Ralf Jung's avatar
Ralf Jung committed
231
The most general form of the adequacy statement is about proving properties of an arbitrary program execution.
232

Ralf Jung's avatar
Ralf Jung committed
233
234
235
236
237
238
239
240
241
242
243
244
245
246
247
248
249
250
\begin{thm}[Adequacy]
  Assume we are given some $\expr_0$, $\state_0$, $\vec\obs$, $\tpool_1$, $\state_1$ such that $([\expr_0], \state_0) \tpsteps[\vec\obs] (\tpool_1, \state_1)$, and we are also given a \emph{meta-level} property $\metaprop$ that we want to show.
  To verify that $\metaprop$ holds, it is sufficient to show the following Iris entailment:
\begin{align*}
 &\TRUE \proves \pvs[\top] \Exists \stuckness, \stateinterp, \pred, \pred_F. \stateinterp(\state_0,\vec\obs,0) * \wpre[\stateinterp;\pred_F]{\expr_0}[\stuckness;\top]{x.\; \pred(x)} * \left(\consstate^{\stateinterp;\pred;\pred_F}_{\stuckness}(\tpool_1, \state_1) \vs[\top][\emptyset] \hat{\metaprop}\right)
\end{align*}
where
\begin{align*}
 \consstate^{\stateinterp;\pred;\pred_F}_{\stuckness}(\tpool_1, \state_1) \eqdef{}&\Exists \expr_1, \tpool_1'. \tpool_1 = [\expr_1] \dplus \tpool_1' * {}\\
 &\quad (s = \NotStuck \Ra \All \expr \in \tpool_1. \toval(\expr) \neq \bot \lor \red(\expr, \state_1) ) *{}\\
 &\quad \stateinterp(\state_1, (), |\tpool_1'|) *{}\\
 &\quad (\toval(\expr_1) \ne \bot \wand \pred(\toval(\expr_1))) *{}\\
 &\quad \left(\Sep[\expr \in \tpool_1'] \toval(\expr) \ne \bot \wand \pred_F(\toval(\expr))\right)
\end{align*}
The $\hat\metaprop$ here arises because we need a way to talk about $\metaprop$ inside Iris.
To this end, we assume that the signature $\Sig$ contains some assertion $\hat{\metaprop}$:
\[ \hat{\metaprop} : \Prop \in \SigFn \]
Furthermore, we assume that the \emph{interpretation} $\Sem{\hat{\metaprop}}$ of $\hat{\metaprop}$ reflects $\metaprop$ (also see \Sref{sec:model}):
251
\[\begin{array}{rMcMl}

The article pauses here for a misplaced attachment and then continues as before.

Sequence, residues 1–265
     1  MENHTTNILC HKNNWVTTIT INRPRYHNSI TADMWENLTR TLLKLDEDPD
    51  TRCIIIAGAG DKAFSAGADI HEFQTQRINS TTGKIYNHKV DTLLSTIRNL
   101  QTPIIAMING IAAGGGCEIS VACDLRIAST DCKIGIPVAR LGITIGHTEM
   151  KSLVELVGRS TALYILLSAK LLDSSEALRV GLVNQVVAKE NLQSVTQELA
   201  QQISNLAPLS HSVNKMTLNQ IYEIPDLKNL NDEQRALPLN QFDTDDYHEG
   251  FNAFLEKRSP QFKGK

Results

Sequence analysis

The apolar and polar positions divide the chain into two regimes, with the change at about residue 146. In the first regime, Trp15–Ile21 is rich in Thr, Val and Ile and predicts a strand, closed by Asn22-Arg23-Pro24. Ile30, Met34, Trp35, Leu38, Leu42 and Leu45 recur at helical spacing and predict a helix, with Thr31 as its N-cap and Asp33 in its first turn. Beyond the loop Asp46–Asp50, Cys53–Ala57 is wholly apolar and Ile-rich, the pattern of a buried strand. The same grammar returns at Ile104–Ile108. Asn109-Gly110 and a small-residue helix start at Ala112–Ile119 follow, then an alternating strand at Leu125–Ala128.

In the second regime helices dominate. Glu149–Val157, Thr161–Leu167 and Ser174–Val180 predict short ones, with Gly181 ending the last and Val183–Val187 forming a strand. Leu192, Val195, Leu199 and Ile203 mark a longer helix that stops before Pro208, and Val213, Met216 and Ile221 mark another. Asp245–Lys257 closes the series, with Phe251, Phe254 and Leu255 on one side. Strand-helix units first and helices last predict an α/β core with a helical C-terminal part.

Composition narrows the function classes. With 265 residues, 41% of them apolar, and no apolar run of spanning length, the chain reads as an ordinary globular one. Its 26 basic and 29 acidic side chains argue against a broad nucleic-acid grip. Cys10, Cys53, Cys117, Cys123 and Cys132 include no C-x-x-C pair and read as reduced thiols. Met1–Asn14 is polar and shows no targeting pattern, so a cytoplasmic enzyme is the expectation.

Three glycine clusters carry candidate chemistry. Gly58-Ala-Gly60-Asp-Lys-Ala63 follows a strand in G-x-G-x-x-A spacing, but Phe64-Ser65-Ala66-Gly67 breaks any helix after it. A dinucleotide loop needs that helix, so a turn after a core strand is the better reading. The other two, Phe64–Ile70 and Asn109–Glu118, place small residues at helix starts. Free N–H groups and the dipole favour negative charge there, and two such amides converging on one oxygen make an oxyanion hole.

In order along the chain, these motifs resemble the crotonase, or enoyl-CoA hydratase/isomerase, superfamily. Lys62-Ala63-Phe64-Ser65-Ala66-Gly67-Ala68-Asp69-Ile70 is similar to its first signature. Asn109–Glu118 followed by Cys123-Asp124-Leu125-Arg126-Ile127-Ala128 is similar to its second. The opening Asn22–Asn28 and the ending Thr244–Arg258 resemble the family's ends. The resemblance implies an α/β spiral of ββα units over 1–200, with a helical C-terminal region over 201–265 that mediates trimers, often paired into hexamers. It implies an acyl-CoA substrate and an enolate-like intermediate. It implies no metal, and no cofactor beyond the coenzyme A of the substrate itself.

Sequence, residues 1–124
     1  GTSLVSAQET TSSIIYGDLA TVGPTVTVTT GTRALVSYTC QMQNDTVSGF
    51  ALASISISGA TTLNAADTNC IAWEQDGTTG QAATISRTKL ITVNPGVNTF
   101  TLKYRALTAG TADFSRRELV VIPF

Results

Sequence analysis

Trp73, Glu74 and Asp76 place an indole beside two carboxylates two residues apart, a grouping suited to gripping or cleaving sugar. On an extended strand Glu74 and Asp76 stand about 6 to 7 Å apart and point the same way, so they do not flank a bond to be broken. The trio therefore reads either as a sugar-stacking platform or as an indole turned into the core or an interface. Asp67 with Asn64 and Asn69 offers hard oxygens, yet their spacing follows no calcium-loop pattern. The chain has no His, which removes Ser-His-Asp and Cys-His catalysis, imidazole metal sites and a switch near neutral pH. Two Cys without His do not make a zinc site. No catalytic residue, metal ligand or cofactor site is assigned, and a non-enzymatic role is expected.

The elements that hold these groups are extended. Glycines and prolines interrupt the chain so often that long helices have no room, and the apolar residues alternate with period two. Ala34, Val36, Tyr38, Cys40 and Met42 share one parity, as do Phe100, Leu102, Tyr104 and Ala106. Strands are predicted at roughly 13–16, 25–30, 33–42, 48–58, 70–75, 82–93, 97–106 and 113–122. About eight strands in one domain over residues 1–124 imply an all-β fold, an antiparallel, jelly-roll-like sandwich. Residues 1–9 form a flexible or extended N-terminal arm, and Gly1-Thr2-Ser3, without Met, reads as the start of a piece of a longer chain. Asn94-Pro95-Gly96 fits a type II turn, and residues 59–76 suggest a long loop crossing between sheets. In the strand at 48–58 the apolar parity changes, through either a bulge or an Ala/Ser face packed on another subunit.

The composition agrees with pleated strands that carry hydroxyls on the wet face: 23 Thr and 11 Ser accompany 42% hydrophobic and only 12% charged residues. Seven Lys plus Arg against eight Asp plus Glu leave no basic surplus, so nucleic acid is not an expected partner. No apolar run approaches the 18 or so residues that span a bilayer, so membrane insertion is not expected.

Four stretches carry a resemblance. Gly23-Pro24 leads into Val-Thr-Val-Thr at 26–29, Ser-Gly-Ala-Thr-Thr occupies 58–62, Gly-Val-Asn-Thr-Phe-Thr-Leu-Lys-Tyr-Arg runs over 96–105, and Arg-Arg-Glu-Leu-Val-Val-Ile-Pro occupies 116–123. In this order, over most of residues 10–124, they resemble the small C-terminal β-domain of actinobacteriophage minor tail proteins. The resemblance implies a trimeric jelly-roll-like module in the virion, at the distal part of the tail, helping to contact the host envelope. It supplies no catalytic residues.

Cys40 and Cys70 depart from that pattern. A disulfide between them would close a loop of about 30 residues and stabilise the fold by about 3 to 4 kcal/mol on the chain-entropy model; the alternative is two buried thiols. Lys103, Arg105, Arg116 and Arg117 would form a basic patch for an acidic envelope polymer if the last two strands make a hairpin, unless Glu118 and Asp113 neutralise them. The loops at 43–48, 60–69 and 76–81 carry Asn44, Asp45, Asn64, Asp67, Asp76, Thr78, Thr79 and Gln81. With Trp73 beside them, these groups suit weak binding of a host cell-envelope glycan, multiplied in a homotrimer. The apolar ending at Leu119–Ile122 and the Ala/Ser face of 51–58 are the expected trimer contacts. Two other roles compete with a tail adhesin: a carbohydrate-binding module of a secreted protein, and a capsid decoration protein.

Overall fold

Ralf Jung's avatar
Ralf Jung committed
252
253
  \Sem{\hat{\metaprop}} &:& \Sem\Prop \\
  \Sem{\hat{\metaprop}} &\eqdef& \Lam \any. \setComp{n}{\metaprop}
254
\end{array}\]
Ralf Jung's avatar
Ralf Jung committed
255
256
The signature can of course state arbitrary additional properties of $\hat{\metaprop}$, as long as they are proven sound.
\end{thm}
257

Ralf Jung's avatar
Ralf Jung committed
258
259
260
261
262
263
264
265
266
267
In other words, to show that $\metaprop$ holds, we have to prove an entailment in Iris that, starting from the empty context, chooses some state interpretation, postcondition, forked-thread postcondition and stuckness and then proves:
\begin{itemize}
  \item the initial state interpretation,
  \item a weakest-precondition,
  \item and a view shift showing the desired $\hat\metaprop$ under the extra assumption $\consstate(\tpool_1, \state_1)$.
\end{itemize}
Notice that the state interpretation and the postconditions are chosen \emph{after} doing a fancy update, which allows them to depend on the names of ghost variables that are picked in that initial fancy update.
This gives us a chance to allocate some ``global'' ghost state that state interpretation and postcondition can refer to.

$\consstate^{\stateinterp;\pred;\pred_F}_{\stuckness}(\tpool_1, \state_1)$ says that:
268
\begin{itemize}
Ralf Jung's avatar
Ralf Jung committed
269
\item The final thread-pool $\tpool_1$ contains the final state of the main thread $\expr_1$, and any number of additional forked threads in $\tpool_1'$.
270
\item If this is a stuck-free weakest precondition, then all threads in the final thread-pool are either values or are reducible in the final state $\state_1$.
Ralf Jung's avatar
Ralf Jung committed
271
\item The state interpretation $\stateinterp$ holds for the final state.
272
273
274
275
\item If the main thread reduced to a value, the post-condition $\pred$ of the weakest precondition holds for that value.
\item If any other thread reduced to a value, the forked-thread post-condition $\pred_F$ holds for that value.
\end{itemize}

Ralf Jung's avatar
Ralf Jung committed
276
277
278
279
280
~\par

As an example for how to use this adequacy theorem, let us say we wanted to prove that a program $\expr_0$ for which we derived a $\NotStuck$ weakest-precondition cannot get stuck:
\begin{cor}[Stuck-freedom]
  Assume we are given some $\expr_0$ such that the following holds:
281
\[
Ralf Jung's avatar
Ralf Jung committed
282
\TRUE \proves \All\state_0, \vec\obs. \pvs[\top] \Exists \stateinterp, \pred, \pred_F. \stateinterp(\state_0,\vec\obs,0) * \wpre[\stateinterp;\pred_F]{\expr_0}[\NotStuck;\top]{x.\; \pred(x)}
283
\]
Ralf Jung's avatar
Ralf Jung committed
284
  Then it is the case that:
285
286
287
\[
\All \state_0, \vec\obs, \tpool_1, \state_1. ([\expr_0], \state_0) \tpsteps[\vec\obs] (\tpool_1, \state_1) \Ra \All \expr \in \tpool_1. \toval(\expr) \neq \bot \lor \red(\expr, \state_1)
\]
Ralf Jung's avatar
Ralf Jung committed
288
289
290
291
292
293
294
\end{cor}
To prove the conclusion of this corollary, we assume some $\state_0, \vec\obs, \tpool_1, \state_1$ and $([\expr_0], \state_0) \tpsteps[\vec\obs] (\tpool_1, \state_1)$, and we instantiate the main theorem with this execution and $\metaprop \eqdef \All \expr \in \tpool_1. \toval(\expr) \neq \bot \lor \red(\expr, \state_1)$.